Chinese air combat AI can explain its actions

Chinese air combat AI can explain its actions

/ 10:26 AM May 20, 2024

Artificial intelligence is becoming an integral part of modern warfare. For example, Israel’s combat AI, Fire Factory, plans airstrikes to facilitate its military operations.

However, AI is becoming more sophisticated that it not only receives orders but learns from them. 

READ: Tech firms unite against deceptive AI in elections

South China Morning Post reported that China’s latest air combat AI can explain the decisions. As a result, it improves as it enters more conflicts. 


How does Chinese air combat AI work?

Interesting Engineering explained how the Chinese aerial AI functions. It says smart air combat systems are becoming more common, but they learn through deep reinforcement learning.

AI company v7labs explains the method involves promoting good behaviors and penalizing bad ones. However, most AI systems work like a “black box,” meaning we cannot fully explain why they choose specific decisions.

Consequently, Zhang Dong, an associate professor in the School of Aeronautics at Northwestern Polytechnical University in Xian, China, developed an innovative system.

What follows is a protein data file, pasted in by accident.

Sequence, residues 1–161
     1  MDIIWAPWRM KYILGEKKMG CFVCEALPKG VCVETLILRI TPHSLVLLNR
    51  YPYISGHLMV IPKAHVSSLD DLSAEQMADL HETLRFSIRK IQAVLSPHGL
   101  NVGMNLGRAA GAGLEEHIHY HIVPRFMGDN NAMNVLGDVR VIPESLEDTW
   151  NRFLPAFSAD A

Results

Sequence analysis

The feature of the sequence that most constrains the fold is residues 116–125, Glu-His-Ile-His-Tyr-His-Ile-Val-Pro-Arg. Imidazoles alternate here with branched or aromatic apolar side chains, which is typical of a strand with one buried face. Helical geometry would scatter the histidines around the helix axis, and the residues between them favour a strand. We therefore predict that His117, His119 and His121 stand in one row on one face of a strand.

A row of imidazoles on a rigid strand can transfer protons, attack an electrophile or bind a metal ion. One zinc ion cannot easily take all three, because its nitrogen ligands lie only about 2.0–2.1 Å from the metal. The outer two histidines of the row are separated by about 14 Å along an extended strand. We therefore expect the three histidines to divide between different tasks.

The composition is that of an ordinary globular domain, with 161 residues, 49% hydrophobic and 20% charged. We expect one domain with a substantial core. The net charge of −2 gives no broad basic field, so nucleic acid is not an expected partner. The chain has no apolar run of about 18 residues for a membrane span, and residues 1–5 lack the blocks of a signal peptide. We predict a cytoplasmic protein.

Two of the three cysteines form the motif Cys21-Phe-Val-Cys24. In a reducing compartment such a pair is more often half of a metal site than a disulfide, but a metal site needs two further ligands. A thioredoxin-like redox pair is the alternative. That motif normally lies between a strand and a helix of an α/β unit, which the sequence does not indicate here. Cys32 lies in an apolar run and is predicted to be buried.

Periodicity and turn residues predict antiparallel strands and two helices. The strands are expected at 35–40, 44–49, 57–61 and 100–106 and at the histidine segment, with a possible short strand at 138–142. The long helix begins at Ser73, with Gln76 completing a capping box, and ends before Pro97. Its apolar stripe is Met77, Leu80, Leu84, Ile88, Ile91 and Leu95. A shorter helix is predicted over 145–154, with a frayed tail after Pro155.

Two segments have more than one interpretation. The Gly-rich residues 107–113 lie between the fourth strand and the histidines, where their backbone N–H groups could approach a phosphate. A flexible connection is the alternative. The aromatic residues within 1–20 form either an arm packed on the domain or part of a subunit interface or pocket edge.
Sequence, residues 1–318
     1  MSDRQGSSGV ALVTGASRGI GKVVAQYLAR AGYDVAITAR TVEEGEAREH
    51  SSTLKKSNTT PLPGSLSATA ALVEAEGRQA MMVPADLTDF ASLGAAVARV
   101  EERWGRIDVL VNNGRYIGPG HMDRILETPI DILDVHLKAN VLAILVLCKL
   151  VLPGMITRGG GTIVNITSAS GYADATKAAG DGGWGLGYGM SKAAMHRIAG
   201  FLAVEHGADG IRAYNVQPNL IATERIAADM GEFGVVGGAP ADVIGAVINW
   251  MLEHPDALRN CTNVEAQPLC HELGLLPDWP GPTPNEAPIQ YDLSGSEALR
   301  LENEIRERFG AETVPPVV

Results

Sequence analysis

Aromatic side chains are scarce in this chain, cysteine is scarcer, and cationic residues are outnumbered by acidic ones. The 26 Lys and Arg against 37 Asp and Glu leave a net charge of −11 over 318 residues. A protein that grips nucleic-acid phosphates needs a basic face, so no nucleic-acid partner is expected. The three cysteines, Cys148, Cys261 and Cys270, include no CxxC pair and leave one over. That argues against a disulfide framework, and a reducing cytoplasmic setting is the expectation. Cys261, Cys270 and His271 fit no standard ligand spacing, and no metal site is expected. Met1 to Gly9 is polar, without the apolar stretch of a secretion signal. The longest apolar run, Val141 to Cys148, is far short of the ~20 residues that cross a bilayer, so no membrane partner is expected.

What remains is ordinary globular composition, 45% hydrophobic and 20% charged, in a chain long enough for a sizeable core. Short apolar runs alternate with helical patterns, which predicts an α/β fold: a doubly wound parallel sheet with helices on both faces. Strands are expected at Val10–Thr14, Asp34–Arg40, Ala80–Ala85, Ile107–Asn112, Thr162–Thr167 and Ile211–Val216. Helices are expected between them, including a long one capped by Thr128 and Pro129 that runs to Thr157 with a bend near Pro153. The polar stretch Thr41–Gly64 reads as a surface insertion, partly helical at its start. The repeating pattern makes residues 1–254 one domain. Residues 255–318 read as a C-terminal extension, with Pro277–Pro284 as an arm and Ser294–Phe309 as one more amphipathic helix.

First, the combat AI builds models to explain strategies and recognize intentions. Then, it calculates how important decisions are and the likelihood of intentions, making the decision-making process easier to understand.


Lastly, it adjusts the deep reinforcement learning algorithm based on these interpretations. As a result, an experienced pilot can pinpoint the combat AI’s errors so that it avoids similar mistakes. 

How does US combat AI work?

Another Inquirer Tech article reported on another aerial combat AI in the United States. Last month, it successfully completed its first dogfight against a human pilot.


The AI piloted the X-62A VISTA, which stands for “Variable Stability In-Flight Simulator.” They uploaded dogfight scenarios into the X-62A and attempted them against a human-operated F-16 aircraft. 

The USAF describes the AI-vs-human encounter as follows:

“Initial flight safety was built up first using defensive maneuvers, before switching to offensive high-aspect nose-to-nose engagements where the dogfighting aircraft got as close as 2,000 feet at 1,200 miles per hour.”

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Overall, it seems artificial intelligence will transform how countries defend themselves in the future. That is why it is more important than ever to learn about the latest AI trends. 

TOPICS: Artificial Intelligence, technology
TAGS: Artificial Intelligence, technology

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